Today has been the first day in a while when I have genuinely and seriously considered just stopping all of my engagement with mental health services.
For an assortment of reasons – layers upon layers of insecurities, deep-seated fears, personal inadequacies, and reinforcing (but rare) extremely traumatic and distressing ‘treatment’ from a different Trust – I find trusting, or even speaking to, any kind of mental health professional extremely difficult. In fact, when I moved into this Trust’s care, I swore that I would never engage with a mental health professional, ever again. Luckily, my amazing care coordinator somehow broke through those barriers and won my trust wholeheartedly, as well as my unreserved respect and gratitude. It took a long time for that circle of trust to expand slightly, but I’ve been fortunate to come across other exceptional mental health professionals since.
But those layers are still there, and they regularly cause me anguish and pain beyond compare when even the smallest of things go wrong, or there is the tiniest hint that I might be betrayed by those who look after me as I fear they are heading down the same paths of ill-treatment and cruelty that I experienced before. Even though I know logically that these things could never happen again, the pain and fear I still experience while in contact with services fight a constant battle to try to destroy and overwhelm the positive effect that these hardworking professionals have on my health and wellbeing. The one thing that has always outweighed the demons has been my conviction that my care coordinator will protect me unwaveringly.
Unfortunately, my poor care coordinator has been off sick (but expected back imminently) for some weeks and today I found out that she’s expected to be out long enough for me to need someone to step into her shoes temporarily. This, while a seemingly small blow, has tipped the scales for me from just clinging on to thinking the good outweighs the bad (and, again, I emphasise here that the ‘bad’ is NOT a reflection of the actual care that I’ve received, just the anguish that I experience due to my difficulties and my past) to catastrophic end-of-the-world despair. I’m sure this new care coordinator is brilliant, but everything is so complicated and messy and contrary and against expectations and raw and precarious and painful and incomprehensible, and I am paralysed in silent fear for the first few times that I meet a new mental health professional – so I just don’t see how I can possibly expect someone to navigate all of that, make sense of it, and gain my trust quickly and strongly enough to anchor me and become my primary support from tomorrow.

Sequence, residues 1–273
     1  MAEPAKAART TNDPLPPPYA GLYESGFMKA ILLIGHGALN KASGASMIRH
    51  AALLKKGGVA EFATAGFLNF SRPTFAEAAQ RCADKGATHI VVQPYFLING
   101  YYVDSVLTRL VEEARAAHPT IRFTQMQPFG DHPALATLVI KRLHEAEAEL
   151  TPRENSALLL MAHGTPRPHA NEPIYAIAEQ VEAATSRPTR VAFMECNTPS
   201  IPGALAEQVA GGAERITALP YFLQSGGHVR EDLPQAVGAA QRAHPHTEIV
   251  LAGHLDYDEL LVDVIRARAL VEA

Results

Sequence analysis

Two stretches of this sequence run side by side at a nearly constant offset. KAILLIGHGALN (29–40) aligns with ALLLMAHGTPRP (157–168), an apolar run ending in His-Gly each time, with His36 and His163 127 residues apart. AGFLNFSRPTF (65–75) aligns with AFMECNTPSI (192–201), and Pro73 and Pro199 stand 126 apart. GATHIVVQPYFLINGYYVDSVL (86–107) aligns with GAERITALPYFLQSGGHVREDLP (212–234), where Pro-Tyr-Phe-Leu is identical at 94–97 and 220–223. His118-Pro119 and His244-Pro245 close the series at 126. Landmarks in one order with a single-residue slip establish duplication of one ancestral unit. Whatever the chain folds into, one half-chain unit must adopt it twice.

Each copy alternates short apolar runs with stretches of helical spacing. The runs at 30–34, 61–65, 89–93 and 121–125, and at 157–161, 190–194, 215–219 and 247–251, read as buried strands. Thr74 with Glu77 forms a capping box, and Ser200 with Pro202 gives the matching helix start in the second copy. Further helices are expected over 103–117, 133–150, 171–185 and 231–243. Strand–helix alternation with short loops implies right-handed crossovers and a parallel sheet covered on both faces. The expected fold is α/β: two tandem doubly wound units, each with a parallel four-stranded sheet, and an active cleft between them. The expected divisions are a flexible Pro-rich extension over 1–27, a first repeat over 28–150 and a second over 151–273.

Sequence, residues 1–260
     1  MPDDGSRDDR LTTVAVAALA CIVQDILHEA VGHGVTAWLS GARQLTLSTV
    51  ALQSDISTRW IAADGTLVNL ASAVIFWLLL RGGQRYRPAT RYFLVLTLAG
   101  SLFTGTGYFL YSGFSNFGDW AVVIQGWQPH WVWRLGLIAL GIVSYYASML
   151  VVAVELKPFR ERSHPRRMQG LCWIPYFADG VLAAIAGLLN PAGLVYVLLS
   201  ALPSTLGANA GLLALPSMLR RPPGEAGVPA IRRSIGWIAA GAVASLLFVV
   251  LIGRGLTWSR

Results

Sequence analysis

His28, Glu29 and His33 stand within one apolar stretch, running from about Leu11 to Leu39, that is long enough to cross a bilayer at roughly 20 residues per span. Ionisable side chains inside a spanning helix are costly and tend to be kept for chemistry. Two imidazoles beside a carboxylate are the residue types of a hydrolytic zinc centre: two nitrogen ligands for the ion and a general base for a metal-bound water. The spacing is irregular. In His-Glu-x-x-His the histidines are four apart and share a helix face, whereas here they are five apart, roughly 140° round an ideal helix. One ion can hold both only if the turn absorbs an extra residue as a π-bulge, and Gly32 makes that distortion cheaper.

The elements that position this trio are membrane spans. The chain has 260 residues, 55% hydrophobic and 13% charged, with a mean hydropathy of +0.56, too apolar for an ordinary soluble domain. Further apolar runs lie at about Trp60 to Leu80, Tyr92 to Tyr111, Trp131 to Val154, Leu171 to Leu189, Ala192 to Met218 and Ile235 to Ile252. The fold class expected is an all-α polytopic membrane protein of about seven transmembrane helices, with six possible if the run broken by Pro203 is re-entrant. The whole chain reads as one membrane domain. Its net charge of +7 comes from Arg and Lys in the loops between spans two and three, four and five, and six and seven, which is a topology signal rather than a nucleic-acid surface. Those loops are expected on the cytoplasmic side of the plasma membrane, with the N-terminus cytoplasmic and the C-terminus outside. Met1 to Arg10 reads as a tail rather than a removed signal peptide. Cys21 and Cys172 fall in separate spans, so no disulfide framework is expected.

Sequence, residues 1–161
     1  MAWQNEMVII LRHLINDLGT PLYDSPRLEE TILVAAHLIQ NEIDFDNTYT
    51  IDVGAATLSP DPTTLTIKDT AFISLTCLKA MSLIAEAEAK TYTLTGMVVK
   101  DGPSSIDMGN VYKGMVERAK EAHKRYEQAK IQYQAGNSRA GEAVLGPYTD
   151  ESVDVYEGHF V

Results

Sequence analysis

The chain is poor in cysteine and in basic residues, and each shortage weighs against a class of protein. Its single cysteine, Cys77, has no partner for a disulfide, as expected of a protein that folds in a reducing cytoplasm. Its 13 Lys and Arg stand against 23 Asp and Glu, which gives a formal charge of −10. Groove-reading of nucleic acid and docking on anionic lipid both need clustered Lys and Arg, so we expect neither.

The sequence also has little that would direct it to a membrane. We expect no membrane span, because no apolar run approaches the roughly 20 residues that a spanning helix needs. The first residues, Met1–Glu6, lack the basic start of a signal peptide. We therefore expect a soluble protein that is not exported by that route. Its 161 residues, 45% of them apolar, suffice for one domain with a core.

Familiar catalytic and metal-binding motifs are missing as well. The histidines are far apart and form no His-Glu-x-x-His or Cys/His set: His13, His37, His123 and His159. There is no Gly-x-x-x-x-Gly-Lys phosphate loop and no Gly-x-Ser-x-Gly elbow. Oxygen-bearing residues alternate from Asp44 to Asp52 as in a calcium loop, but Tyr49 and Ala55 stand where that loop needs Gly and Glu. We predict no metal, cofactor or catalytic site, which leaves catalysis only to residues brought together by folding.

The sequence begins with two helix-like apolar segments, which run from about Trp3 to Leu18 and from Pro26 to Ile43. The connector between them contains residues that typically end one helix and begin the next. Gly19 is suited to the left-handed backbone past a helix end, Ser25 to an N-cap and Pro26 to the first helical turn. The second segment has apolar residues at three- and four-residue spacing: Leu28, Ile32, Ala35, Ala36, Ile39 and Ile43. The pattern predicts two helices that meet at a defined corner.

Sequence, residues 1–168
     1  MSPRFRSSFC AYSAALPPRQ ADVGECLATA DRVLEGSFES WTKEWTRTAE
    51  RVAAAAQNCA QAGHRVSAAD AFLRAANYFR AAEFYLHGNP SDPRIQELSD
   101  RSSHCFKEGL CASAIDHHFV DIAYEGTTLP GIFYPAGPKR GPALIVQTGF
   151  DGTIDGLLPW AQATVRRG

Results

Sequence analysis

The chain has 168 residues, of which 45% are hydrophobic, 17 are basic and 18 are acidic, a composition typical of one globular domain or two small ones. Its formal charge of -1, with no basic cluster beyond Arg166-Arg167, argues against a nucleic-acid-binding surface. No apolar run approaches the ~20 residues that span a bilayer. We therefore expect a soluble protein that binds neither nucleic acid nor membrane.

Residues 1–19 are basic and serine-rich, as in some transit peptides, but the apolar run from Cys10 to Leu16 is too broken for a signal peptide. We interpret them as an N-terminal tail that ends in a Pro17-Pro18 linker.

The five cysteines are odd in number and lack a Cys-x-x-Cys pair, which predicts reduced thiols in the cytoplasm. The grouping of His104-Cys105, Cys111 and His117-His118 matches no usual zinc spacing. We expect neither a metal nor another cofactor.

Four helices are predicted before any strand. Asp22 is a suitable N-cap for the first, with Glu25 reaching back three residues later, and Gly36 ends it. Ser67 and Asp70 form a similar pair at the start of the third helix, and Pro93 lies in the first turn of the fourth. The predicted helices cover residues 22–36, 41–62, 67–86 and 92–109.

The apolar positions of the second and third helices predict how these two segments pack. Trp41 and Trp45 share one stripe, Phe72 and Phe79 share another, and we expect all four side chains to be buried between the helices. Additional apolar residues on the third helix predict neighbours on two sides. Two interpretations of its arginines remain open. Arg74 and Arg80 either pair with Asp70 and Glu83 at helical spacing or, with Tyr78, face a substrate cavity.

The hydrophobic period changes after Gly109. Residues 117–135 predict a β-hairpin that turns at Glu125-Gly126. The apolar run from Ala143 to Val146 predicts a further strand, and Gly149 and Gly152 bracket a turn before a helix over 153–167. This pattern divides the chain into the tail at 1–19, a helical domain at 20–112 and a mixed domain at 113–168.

- the new care coordinator and I meet for the first time
- I will be discharged into her care, from the crisis team who’ve been looking after me and helping me so much over the past few months
- then somehow I’m supposed to compose myself and rush across town to a psychology appointment. And then my psychologist goes on leave.
So, today I go from full crisis support, psychological support, and believing that my care coordinator will be back soon to what feels like my world crashing to dust around my ears.
I don’t want to get up tomorrow.
I don’t want to get out of bed.
I don’t want to anxiously wait through the two hour timeslot, panic growing all the while both about meeting the new person and the fact that the later they come the shorter the time I will have to get to know them before dashing to psychology.
I don’t want to let yet another stranger into my home.
I don’t want to let the crisis team in.
I don’t want to have my care relinquished to another stranger stranger.
I don’t want to explain everything again.
I don’t want to lay myself bare and admit how pathetically, pityingly weak I am again.
I don’t want to have a rushed handover because time is ticking away to my psychology session.
I don’t want to have to allow my mum to come out of work in her lunchbreak just to act as a taxi to get me to my session.
I don’t want to have a panicked car journey, hoping that we don’t hit traffic.
I don’t want to stress myself out about letting my psychologist down.
I don’t want to have to walk 3 miles home (and I can’t get the bus), using up every drop of physical energy after already exhausting emotional reserves.
I don’t want to arrive home knowing that next week all that’s left is a stranger that I can’t bring myself to call upon or open up to.
I don’t want to be tormented by the constant anguish and pain that this causes.
I don’t want to be reminded of my failings and inadequacies, full of self-criticism that I am ungrateful and should be able to cope.
I don’t want to do this any more.
I just don’t wanna.
Postscript: I know that I sound like an ungrateful, spoiled brat of a toddler throwing their toys out of their pram over nothing. I know that I should just be thankful to have a great team around me who are trying to do right by me. I know that it’s my fault that I can’t deal with any of this. I know that this is due to unforeseen circumstances beyond anyone’s control. I know that I’m fortunate. I know that I’m pathetic. I know that I’m a mess.
That just makes it all worse.
I’m sad and scared. I can’t cope. I can’t bear to go through this all again. I can’t stand the fear. I’m tormented. I’m overwhelmed.
I need my care coordinator. (and I’m worried about her, too)